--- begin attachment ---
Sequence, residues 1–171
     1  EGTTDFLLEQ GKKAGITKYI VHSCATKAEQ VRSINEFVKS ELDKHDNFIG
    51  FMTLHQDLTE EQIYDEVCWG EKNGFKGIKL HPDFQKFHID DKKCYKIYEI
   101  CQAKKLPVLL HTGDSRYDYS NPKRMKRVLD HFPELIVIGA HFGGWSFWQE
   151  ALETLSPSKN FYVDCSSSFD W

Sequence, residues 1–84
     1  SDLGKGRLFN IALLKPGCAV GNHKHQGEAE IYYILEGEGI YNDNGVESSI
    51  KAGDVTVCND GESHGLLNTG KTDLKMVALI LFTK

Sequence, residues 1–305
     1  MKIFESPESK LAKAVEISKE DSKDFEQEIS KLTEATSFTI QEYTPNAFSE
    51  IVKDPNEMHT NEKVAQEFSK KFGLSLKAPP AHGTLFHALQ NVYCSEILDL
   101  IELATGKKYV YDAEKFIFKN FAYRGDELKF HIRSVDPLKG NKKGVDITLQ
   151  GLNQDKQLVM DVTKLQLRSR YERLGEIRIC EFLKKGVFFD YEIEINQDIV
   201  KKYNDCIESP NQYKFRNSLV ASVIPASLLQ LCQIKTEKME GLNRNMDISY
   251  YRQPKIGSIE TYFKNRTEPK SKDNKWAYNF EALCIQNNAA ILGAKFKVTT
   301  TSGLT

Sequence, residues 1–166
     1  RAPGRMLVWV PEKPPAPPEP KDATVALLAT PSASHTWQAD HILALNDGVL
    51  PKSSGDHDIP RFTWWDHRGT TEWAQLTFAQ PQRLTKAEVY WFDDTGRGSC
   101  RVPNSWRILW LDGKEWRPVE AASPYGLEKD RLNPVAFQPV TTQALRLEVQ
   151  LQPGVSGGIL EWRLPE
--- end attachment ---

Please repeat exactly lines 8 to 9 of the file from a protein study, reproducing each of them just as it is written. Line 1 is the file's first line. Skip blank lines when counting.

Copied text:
    51  KAGDVTVCND GESHGLLNTG KTDLKMVALI LFTK

Sequence, residues 1–305